World Forge SVG Map Specification

Version 1
By Brent Bartels

The Tools


The tool of choice for making SVG maps is going to be Sodipodi. Both the specification and the conversion script are tailored to the peculiarities of Sodipodi. The possiblity of implementing these conversions with the output of any other application will have to be carefully researched. Sodipodi has a few dependencies like intltool, Gnome Application Library, and GnomePrint. Although you can find Sodipodi downloads at sodipodi.sourceforge.net, the latest, greatest and most useful sources will be on the Gnome cvs server under the module 'sodipodi'. The code base is still very much in flux especially the features that apply to us and it will probably be necessary for us to maintain our own copy of the application.

SVG to Atlas conversion will be done with svg2atlas.py which requires the Python interpreter, PyXML, and the Python Imaging Library. It uses PyXML to create a DOM tree out of the SVG map. The relevant geometric information is stripped out and drawn to a grid with the Python Imaging Library. This grid is used as a basis for creating two output xml files. One for the Cyphesis-C++ server and one for Uclient.


The Specification


Document and Gridline Settings

Because SVG documents are vectoral and our Atlas output files will essentially be gridded, careful attention must be paid to the document's dimensions and the spacing of an overlaid grid. Your document dimensions represent the dimensions of the world you are creating and anything outside of these bounds will be clipped out. Set your gridspacing to 1.00 for both the 'x' and 'y' axis. Make sure that all units are in points. The easiest way to get started if you are unfamiliar with Sodipodi is to load up 'example.svg' and start from there. If your copy of Sodipodi permits you can also use your top level SVG document tag to store metadata for the map as a whole. Map level attributes are optional but recommended.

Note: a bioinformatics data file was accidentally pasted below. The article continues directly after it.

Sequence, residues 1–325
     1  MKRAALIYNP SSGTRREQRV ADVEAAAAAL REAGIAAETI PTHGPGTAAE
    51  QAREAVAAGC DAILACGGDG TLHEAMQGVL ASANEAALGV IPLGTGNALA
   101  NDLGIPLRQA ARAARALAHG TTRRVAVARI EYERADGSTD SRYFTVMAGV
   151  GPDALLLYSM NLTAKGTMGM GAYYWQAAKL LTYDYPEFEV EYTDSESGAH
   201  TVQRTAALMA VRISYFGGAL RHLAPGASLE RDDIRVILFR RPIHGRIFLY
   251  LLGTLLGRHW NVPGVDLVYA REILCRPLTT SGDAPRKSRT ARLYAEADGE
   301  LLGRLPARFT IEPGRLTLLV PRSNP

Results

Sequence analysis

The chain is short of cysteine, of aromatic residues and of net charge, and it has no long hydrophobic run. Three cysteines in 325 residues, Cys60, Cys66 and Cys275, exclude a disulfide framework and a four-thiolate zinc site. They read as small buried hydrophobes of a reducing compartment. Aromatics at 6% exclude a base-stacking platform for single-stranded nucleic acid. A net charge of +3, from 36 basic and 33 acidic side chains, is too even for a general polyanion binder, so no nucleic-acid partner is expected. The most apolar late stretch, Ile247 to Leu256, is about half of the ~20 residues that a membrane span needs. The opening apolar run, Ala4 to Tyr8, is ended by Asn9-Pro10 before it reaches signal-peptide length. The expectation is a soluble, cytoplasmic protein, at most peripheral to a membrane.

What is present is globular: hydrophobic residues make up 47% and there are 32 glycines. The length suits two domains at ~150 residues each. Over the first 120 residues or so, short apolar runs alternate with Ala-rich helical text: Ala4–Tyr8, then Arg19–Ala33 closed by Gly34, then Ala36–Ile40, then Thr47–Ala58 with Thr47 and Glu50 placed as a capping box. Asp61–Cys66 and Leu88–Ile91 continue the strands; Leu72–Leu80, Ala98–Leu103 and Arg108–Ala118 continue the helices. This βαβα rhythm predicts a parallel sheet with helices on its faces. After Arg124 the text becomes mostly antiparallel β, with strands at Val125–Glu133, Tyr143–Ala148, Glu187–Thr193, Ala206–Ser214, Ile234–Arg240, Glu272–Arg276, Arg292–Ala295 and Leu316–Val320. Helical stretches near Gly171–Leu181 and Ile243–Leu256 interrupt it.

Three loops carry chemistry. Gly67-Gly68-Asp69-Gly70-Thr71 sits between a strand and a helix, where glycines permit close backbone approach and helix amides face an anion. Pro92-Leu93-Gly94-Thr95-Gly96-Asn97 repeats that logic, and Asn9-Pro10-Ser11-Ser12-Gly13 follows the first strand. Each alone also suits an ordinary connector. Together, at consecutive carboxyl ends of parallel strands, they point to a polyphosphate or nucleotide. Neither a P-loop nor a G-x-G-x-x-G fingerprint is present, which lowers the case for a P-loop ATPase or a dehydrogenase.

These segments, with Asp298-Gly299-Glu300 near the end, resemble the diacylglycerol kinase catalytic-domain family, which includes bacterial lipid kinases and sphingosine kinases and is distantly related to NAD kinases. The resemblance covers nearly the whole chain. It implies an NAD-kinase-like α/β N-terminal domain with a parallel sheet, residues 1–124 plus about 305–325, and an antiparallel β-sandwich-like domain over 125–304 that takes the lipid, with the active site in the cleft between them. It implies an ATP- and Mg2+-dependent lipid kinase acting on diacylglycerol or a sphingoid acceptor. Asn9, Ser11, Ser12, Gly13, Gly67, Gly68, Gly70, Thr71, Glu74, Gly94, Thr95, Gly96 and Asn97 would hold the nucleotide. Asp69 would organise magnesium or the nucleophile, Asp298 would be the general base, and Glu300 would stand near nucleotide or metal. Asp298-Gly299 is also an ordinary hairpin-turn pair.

Attribute Description
author The name of the author
mapname A nice title for the map
mapid A C style identifier, alpha-numerics and underscores with a letter first.
revision A revision number. The 'mapid' and the 'revision' together should be unique.
ruleset Identifies the game for which the map is intended "acorn", "mason" and "werewolf" are possible values.
license Identifies the license type.

Height Maps

A height map will be represented by an image element with an ID of the form 'elevation_x' where 'x' is unique among height maps. The image should cover the portion of the base rectangle that you would like the elevation data to affect. In Sodipodi you can hide a height map either by setting the opacity to 0% or sending the image behind the base rectangle. This will make it easier to see and work with the rest of the map.

Terrain

SVG has support for all kinds of shapes. Currently there's only two tags that will be supported by SVG to Atlas conversion. They are 'rectangle' and 'path'. Create one of these elements to specify the boundaries of a terrain area. The ID of the terrain area should be 'A_x' where 'A' is the name of the archetype linked to the terrain and 'x' uniquely identifies the instance of that archetype in the map.

Objects

To create an object import an image and give it an ID that follows the same 'A_x' convention where A is an archetype name and x is the number of a specific instance of that type in the map. Scale your object carefully because the bounding box of the image will be the bounding box of the object. This is where gridlines will come in handy. Currently the conversion script will set a default size on the height of an object's bounding box. This will probably be remedied as Sodipodi matures.


The Conclusion


The moral to all this is 'Be careful what you wish for.' What I intended to create was a tool that took in an SVG image and created an Atlas spec 0.2 grid for Uclient and a list of items in a similar format for Cyphesis-C++. This is something that could be used now assuming we had the art for it. After a good bit of wrestling with Sodipodi and then Python my first SVG to Atlas conversion of games/mason/moraf.svg produced and output file of almost 40 Megs. And why not? A 400x400 grid will generate 160000 Atlas objects. I consider this a prohibitively expensive way to lay down terrain.

I will probably implement some simple conversion that outputs .map files for Uclient but this method has limited potential also. Even if we had the art to support it, it would be difficult to achieve the kind of seamless isometric terrain that we enjoyed with Acorn. Hand editing the output .map files is not ideal either since changes to the source SVG file could invalidate the hand editing.

With any luck I will soon be able to abandon Atlas spec 0.2 in favor spec 0.3. This would allow me to express SVG files in terms of triangle meshes, and push the burden of trying to create pleasant isometric terrains onto client developers.